• Cherry-pick – A cherry-pick method involves distributing all leads to a shared resource for qualified partners to pick the leads they want out of an established pool. Lead quantity and deal size parameters must be set to ensure equity between qualified partners.
  • Regional – A region-based or territory-based model involves segmenting and distributing leads to partners based on their location within a given country. For example, a lead based out of Boston, Massachusetts, would be assigned to a partner based in the northeastern United States. This method is particularly useful for solutions that require in-person visits to deploy. In an ecosystem model, you could also involve multiple in-region partners in the deal, one to nurture the sale and another to install the solution.  
  • Vertical – An industry-based or vertical-based model is similar to a region-based model, except it includes partners with specific industry expertise or who meet particular compliance requirements to serve specific leads. For example, a healthcare lead may be sent to a partner who is educated in HIPAA requirements and can deploy HIPAA-compliant solutions. Similarly, a retail sector lead may be sent to a partner educated in PCI compliance and deploys PCI-certified solutions. 
  • Top performer – A top performer model distributes leads to partners based entirely on merit, such as attributed revenue for transacting partners or  influenced revenue for non-transacting partners. Deployment partners may be offered projects based on the number of error-free installations completed. This model has the added benefit of only sending leads to partners who have earned them based on prior performance, which maximizes the ROI on your lead generation efforts. 
  • Shotgun – In a shotgun model, partners are pre-evaluated based on strengths, skills and experience, factoring in their partner type. Right-fit leads are then shared among like partners on a first-come, first-served basis. Like the top performer model, this has the benefit of being merit-based while adding an element of competition for the best opportunities.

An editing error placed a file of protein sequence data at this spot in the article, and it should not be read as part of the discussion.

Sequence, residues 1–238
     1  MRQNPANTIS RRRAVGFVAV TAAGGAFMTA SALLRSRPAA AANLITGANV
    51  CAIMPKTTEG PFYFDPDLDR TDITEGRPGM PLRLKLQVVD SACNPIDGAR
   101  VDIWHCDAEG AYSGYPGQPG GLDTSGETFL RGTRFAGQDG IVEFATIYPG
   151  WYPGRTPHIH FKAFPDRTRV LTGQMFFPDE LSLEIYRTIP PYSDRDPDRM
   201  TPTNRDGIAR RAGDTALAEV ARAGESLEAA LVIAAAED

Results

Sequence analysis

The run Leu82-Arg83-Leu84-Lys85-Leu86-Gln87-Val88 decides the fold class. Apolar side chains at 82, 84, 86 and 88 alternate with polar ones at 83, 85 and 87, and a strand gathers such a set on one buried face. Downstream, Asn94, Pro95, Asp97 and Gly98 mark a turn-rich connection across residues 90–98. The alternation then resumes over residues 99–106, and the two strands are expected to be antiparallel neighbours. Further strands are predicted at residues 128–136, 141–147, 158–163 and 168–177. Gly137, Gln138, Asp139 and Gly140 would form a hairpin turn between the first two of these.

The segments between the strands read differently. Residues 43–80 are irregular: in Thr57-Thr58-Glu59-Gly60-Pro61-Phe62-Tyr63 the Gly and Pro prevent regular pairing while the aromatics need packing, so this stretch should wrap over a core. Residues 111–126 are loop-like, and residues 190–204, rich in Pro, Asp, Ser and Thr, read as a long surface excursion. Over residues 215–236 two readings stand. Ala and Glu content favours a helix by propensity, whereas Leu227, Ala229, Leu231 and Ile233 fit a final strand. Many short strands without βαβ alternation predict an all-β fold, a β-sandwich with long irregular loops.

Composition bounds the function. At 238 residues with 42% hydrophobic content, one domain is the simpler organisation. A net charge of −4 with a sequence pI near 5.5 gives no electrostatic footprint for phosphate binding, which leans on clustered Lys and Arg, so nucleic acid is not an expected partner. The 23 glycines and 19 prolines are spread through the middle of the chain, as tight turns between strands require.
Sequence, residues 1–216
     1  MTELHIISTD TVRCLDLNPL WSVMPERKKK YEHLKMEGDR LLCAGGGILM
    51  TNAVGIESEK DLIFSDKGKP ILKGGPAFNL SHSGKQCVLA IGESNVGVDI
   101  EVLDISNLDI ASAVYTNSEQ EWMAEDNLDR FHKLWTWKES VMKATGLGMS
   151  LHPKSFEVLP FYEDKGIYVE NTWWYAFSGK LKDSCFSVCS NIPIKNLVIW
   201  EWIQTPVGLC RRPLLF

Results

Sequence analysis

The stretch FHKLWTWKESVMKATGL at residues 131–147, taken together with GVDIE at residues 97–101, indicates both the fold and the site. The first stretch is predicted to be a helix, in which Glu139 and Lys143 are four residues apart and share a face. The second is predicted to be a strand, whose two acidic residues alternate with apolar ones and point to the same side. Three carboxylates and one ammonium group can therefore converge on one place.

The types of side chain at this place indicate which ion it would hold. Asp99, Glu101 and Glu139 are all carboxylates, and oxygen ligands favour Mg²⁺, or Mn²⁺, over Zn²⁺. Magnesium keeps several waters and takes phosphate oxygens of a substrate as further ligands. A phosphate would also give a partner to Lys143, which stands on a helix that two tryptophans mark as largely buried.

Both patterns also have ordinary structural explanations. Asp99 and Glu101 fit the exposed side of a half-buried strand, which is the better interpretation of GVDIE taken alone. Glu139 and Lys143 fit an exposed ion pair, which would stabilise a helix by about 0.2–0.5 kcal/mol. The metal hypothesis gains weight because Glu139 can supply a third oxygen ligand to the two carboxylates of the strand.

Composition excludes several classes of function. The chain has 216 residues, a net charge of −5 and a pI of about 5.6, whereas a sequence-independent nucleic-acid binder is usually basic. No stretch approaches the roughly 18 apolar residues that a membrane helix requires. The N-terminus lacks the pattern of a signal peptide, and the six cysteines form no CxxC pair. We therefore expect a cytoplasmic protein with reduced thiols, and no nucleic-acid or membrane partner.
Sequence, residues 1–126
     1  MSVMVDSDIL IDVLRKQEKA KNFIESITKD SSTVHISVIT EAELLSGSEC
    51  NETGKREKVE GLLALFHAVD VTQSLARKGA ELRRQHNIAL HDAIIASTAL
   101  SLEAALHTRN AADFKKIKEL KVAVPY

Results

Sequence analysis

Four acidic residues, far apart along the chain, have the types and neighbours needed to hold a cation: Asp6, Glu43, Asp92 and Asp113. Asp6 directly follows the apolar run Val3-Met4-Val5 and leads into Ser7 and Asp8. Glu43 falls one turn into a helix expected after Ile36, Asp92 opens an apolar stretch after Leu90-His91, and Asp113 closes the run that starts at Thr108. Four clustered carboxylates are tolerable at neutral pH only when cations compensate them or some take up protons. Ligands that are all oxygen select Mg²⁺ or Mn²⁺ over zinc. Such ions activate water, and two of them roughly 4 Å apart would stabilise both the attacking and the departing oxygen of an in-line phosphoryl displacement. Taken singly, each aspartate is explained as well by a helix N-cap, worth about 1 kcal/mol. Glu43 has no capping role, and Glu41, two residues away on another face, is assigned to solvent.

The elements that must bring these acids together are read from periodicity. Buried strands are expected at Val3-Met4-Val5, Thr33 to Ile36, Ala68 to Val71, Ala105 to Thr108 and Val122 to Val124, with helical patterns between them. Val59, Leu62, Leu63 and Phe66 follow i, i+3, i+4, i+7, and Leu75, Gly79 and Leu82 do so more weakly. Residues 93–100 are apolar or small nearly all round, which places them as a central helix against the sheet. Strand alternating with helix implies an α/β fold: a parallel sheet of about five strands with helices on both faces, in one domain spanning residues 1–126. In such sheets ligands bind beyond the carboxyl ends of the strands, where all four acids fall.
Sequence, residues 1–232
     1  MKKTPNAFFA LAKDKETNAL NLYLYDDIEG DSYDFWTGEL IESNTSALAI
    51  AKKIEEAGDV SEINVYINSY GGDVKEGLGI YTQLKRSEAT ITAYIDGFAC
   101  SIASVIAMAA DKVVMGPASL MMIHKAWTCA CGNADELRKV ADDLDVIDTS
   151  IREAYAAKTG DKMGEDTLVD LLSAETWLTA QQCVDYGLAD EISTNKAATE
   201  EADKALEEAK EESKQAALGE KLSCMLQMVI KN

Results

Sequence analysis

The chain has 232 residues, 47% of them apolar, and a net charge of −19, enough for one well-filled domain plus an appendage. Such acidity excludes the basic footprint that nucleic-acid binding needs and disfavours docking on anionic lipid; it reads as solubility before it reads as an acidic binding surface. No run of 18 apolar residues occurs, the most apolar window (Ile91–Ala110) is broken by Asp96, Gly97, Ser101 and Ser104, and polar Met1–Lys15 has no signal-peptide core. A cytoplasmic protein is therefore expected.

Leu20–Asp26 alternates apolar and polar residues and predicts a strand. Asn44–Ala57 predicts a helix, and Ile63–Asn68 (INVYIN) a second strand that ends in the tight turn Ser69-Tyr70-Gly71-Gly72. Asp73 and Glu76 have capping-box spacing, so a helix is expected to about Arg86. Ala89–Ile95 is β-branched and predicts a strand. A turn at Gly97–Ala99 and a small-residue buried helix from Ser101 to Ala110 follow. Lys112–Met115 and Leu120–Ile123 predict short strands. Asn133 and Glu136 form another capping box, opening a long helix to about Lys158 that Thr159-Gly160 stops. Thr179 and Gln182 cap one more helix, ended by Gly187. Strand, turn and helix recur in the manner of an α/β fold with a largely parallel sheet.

• Hybrid – A hybrid model incorporates various strategies to meet your ecosystem’s goals. So, for example, if a key benefit of joining your program is guaranteed lead distribution to all partners, then you’ll select a round-robin model. However, you might also set up a select tier that receives leads following the top-performer model to maximize ROI. So, in this example, your program will deliver leads to all partners, reserving the best leads for partners most likely to close them. 

What Software Enables a Partner Lead Distribution Program?

Partner relationship management (PRM) software platforms help automate partner lead distribution management. PRMs automatically assign and distribute qualified leads through email notifications and integrations into partner CRM platforms. As a result, partners get data such as lead profile information (name, company, etc.) and lead history (campaign, emails opened/clicked, website views, etc.) to help them easily and quickly engage. And providers get a complete picture of the sales lifecycle for each lead they distribute.

Looking for a PRM with automated partner lead distribution management?

Lead Distribution Management from ZiftONE enables your partner program to:

  • Deliver leads via email or partners’ CRMs, such as Salesforce, Microsoft Dynamics, Oracle, SugarCRM, Sage and more 
  • Enable visibility and tracking across the entire lead lifecycle 
  • Speed and strengthen follow-up with deeper prospect data 
  • Easily see and share feedback, track lead activities and measure results with automated closed-loop reporting 
  • Leverage Zift’s Through Partner Marketing Automation (TCMA) to help partners nurture warm leads until they’re ready for sales

If you’re considering getting started with PRM software, you should know there’s never been a better time to do so. Think about this: automated partner lead distribution management enables efficiency. The more efficient your channel program’s processes are, the more likely you are to see a return on investment in it. You can do more with less. Let the power of PRM achieve better results and pay for itself.